When one side sends a BVC-RESET PDU it will stop sending PDU until it receives the acknowledgment. The other side initializes all BVCs belonging to the NSE and returns a BVC-RESET-ACK PDU on the NSE signaling BVC. The BVC-RESET PDU contains the BVCI identifying the BVC, the corresponding CI, and the cause of the reset procedure. The BVC-RESET-ACK message contains the BVCI identifying the reset BVC. The reset procedure is described in Figure 6.29.

6.5.5 Signaling Procedures Between PFM SAPs

PFM procedures are used to create, modify, or delete a packet flow context within the BSS. These procedures are triggered every time a PDP context procedure is invoked at SGSN side. The definition of the packet flow context is in Chapter 3.

A TFI identifies each packet flow context, and the validity of the BSS packet flow context is managed by a timer within the BSS (packet flow timer PFT).

The BSS packet flow context procedures are as follows:

  • BSS packet flow context creation procedure;

  • BSS packet flow context modification procedure;

  • BSS packet flow context deletion procedure.

6.5.5.1 BSS Packet Flow Context Creation

The BSS packet flow context creation procedure is used to create a BSS packet flow context within the BSS. It can be initiated either by the SGSN or by the BSS.

The SGSN may request the creation of a BSS packet flow context at the activation of a PDP context.

The BSS packet flow context is negotiated by the BSS with the SGSN at the transmission of an uplink or downlink LLC PDU associated with an unknown PFI.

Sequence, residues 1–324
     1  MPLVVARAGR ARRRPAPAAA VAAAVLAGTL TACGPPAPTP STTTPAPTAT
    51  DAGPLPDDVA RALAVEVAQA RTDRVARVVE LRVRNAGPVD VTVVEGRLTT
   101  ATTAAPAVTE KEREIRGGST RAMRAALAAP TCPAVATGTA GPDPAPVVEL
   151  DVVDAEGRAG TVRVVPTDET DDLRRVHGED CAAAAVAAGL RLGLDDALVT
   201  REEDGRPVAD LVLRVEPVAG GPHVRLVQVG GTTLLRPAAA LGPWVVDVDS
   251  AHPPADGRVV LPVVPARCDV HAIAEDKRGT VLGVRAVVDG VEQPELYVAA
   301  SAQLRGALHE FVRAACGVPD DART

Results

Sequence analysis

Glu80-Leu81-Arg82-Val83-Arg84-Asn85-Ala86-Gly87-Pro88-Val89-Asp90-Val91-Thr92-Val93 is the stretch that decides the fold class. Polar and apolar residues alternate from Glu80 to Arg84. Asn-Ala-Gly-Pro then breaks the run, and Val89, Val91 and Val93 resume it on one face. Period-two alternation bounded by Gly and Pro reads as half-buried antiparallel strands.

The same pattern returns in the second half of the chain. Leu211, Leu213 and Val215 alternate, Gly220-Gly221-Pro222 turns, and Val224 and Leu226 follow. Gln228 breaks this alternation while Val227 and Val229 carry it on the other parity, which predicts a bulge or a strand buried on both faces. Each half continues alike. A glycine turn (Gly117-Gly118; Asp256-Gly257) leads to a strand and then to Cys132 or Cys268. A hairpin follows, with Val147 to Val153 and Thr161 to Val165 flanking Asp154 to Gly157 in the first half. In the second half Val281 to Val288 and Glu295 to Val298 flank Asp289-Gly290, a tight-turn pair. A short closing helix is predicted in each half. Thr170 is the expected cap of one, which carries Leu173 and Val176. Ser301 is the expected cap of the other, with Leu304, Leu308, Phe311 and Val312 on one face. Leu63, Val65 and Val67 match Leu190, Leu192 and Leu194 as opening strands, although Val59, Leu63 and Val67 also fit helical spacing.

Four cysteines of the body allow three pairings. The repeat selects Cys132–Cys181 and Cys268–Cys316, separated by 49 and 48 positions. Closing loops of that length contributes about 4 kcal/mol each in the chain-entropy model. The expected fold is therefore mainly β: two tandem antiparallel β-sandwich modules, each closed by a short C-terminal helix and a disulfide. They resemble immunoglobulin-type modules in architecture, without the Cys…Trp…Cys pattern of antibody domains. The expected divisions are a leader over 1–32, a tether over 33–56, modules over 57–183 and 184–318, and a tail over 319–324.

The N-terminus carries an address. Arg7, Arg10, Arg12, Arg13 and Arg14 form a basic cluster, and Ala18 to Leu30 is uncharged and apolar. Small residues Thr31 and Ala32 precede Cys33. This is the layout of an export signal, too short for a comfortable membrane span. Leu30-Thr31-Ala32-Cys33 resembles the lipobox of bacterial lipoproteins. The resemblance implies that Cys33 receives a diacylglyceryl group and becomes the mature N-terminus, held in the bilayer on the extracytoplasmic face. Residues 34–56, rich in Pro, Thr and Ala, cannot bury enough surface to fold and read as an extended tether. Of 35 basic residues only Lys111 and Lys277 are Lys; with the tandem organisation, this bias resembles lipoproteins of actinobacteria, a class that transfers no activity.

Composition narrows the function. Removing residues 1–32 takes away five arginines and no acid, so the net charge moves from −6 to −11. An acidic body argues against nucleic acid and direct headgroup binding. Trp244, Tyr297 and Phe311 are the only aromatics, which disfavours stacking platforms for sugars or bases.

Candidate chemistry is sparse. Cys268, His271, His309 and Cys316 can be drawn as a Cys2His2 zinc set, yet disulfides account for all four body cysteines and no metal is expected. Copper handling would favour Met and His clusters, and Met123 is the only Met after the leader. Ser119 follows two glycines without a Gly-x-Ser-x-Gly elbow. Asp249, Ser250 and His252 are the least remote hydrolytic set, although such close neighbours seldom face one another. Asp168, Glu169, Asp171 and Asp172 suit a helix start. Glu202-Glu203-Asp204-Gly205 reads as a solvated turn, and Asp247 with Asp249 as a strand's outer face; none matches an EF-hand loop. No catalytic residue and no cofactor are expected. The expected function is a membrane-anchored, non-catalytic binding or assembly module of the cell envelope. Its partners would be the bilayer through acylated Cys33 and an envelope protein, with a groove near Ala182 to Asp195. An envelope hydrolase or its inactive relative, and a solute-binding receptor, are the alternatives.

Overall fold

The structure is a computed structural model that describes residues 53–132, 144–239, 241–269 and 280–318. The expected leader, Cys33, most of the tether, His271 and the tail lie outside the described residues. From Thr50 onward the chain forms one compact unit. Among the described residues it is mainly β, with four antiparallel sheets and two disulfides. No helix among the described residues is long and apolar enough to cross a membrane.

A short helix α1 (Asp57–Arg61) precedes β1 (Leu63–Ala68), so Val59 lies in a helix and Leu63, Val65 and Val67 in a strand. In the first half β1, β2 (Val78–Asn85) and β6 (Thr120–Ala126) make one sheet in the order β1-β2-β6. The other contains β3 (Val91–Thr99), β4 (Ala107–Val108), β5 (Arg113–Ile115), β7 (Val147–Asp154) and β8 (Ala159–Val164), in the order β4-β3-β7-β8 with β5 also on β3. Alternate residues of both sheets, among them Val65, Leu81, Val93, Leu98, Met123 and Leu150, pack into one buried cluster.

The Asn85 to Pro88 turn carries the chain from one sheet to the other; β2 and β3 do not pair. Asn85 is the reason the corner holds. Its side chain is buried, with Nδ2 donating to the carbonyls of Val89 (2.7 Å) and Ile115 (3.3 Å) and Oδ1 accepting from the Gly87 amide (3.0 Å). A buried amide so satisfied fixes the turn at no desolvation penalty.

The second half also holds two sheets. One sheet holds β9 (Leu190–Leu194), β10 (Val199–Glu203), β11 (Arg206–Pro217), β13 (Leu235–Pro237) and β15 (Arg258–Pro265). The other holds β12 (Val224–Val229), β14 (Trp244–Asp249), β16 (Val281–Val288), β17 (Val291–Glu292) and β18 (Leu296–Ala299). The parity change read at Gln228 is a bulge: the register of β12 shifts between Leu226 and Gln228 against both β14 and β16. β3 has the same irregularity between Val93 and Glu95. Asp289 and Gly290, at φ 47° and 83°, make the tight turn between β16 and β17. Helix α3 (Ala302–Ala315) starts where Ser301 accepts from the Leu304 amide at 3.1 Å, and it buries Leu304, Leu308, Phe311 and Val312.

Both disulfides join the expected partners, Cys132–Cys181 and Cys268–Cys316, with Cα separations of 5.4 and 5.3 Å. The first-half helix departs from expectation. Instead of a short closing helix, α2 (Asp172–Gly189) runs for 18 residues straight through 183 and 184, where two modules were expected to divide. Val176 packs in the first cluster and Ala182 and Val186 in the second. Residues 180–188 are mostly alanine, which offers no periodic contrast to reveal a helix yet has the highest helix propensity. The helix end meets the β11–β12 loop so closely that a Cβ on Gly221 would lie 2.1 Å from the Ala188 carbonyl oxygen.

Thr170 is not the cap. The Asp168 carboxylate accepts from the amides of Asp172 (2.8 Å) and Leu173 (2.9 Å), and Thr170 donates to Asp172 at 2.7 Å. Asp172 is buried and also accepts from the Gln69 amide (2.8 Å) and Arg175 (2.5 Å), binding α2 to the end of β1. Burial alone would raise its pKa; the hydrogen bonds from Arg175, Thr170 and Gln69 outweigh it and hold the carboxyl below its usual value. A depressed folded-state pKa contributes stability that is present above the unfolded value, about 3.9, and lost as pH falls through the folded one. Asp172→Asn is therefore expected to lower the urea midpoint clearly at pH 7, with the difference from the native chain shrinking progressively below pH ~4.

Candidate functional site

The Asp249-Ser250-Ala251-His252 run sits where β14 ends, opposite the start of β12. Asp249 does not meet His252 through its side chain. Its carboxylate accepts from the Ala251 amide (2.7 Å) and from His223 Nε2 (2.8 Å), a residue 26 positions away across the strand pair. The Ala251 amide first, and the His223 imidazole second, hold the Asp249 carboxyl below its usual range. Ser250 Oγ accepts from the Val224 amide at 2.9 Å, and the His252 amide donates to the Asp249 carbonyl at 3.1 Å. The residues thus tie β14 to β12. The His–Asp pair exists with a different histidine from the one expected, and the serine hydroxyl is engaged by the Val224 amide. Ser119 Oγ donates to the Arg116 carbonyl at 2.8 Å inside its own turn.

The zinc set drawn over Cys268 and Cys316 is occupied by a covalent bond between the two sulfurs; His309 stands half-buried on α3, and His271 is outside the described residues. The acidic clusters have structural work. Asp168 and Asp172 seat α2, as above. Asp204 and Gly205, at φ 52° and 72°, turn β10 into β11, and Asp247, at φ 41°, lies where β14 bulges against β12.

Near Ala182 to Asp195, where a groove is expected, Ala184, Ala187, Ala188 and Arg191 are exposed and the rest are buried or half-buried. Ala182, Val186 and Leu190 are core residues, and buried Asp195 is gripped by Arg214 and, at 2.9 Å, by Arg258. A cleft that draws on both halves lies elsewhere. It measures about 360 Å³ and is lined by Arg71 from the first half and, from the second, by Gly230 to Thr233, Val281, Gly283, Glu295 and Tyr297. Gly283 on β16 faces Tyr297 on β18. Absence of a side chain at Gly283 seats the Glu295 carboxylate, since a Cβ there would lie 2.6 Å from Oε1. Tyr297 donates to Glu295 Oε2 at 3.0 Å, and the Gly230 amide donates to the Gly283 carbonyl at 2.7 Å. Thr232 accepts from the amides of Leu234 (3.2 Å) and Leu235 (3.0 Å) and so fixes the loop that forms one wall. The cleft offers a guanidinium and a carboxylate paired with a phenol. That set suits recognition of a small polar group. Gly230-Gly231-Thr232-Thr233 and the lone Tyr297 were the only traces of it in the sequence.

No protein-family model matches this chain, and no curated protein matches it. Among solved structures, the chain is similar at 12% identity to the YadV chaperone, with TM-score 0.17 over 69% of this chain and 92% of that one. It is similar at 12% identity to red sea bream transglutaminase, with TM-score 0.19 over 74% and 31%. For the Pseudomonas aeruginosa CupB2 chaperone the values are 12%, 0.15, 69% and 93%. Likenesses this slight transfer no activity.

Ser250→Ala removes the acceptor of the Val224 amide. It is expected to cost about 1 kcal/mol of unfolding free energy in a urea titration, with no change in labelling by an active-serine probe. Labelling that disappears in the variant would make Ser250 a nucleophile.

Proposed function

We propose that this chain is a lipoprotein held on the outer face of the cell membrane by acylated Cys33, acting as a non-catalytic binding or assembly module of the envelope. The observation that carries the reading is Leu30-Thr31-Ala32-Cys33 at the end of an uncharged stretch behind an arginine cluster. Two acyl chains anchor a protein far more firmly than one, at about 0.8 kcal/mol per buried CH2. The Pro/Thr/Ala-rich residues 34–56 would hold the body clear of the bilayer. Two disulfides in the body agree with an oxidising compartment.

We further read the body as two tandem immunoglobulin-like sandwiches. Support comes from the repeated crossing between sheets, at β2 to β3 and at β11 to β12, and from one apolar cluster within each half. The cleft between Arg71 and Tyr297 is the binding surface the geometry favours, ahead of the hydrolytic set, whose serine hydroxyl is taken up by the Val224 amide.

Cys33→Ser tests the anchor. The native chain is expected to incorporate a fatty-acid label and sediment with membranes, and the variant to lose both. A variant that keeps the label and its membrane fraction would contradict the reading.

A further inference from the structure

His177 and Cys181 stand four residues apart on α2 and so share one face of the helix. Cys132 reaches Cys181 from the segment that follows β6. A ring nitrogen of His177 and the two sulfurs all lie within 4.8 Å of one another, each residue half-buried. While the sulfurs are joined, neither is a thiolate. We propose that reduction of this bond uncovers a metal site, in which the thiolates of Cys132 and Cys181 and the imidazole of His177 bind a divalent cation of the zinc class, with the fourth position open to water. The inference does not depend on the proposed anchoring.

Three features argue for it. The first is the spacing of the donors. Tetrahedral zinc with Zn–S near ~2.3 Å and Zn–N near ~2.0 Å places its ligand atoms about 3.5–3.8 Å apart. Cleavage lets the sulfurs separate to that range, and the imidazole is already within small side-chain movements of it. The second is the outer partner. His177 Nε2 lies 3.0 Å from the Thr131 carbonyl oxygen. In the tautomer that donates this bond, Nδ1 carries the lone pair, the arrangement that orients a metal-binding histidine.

The procedure is described in Figure 6.30. The DOWNLOAD-BSS-PFC is sent only when the procedure is initiated by the BSS.

Click To expand
Figure 6.30: BSS packet flow context creation.

Note that when the BSS is unable to create the PFC, it returns a CREATE-BSS-PFC-NACK PDU that contains the TLLI, the PFI, and the cause.

6.5.5.2 BSS Packet Flow Context Modification

This procedure can be initiated by the SGSN or the BSS. When initiated by the SGSN, the procedure is the same as for BSS packet flow context creation. It can be triggered due to an increase or decrease of resources at the BSS side. Figure 6.31 describes the procedure when initiated by the BSS.

Click To expand
Figure 6.31: BSS PFC modification and deletion procedures.

6.5.5.3 BSS Packet Flow Context Deletion

This procedure is initiated by the SGSN. It may happen that the BSS deletes a packet flow context (e.g., due to a memory problem). However, in this case no notification issent to the SGSN. The procedure is described in Figure 6.31.

6.5.6 Summary of BSSGP PDUs

Table 6.1 gives for each BSSGP PDU its usage, the BVC type on which it is sent, and the direction.

Table 6.1: Summary of BSSGP PDUs

PDU Name

Usage

BVC Type

Direction[*]

DL-UNITDATA

LLC

Cell BVC

DL

UL-UNITDATA

LLC

Cell BVC

UL

PAGING-PS

GMM

Signaling BVC or Cell BVC

DL

PAGING-CS

GMM

Signaling BVC or Cell BVC

DL

RA-CAPABILITY-UPDATE

GMM

Cell BVC

UL

RA-CAPABILITY-UPDATE-ACK

GMM

Cell BVC

DL

RADIO-STATUS

GMM

Cell BVC

UL

FLUSH-LL

NM

Signaling BVC

DL

FLUSH-LL-ACK

NM

Signaling BVC

UL

LLC-DISCARDED

NM

Signaling BVC

UL

FLOW-CONTROL-MS

NM

Cell BVC

UL

FLOW-CONTROL-MS-ACK

NM

Cell BVC

DL

FLOW-CONTROL-BVC

NM

Cell BVC

UL

FLOW-CONTROL-BVC-ACK

NM

Cell BVC

DL

BVC-BLOCK

NM

Signaling BVC

UL

BVC-BLOCK-ACK

NM

Signaling BVC

DL

BVC-UNBLOCK

NM

Signaling BVC

UL

BVC-UNBLOCK-ACK

NM

Signaling BVC

DL

BVC-RESET

NM

Signaling BVC

UL or DL

BVC-RESET-ACK

NM

Signaling BVC

DL or UL

CREATE-BSS-PFC

PFM

Signaling BVC

DL

CREATE-BSS-PFC-ACK

PFM

Signaling BVC

UL

CREATE-BSS-PFC-NACK

PFM

Signaling BVC

UL

MODIFY-BSS-PFC

PFM

Signaling BVC

UL

MODIFY-BSS-PFC-ACK

PFM

Signaling BVC

DL

DELETE-BSS-PFC

PFM

Signaling BVC

DL

DELETE-BSS-PFC-ACK

PFM

Signaling BVC

UL

DOWNLOAD-BSS-PFC

PFM

Signaling BVC

UL

[*]DL refers to the direction from SGSN to BSS, UL refers to the reverse direction.



 
ASPTreeView.com
 
Evaluation has ЛППСРХЩexpired.
Info...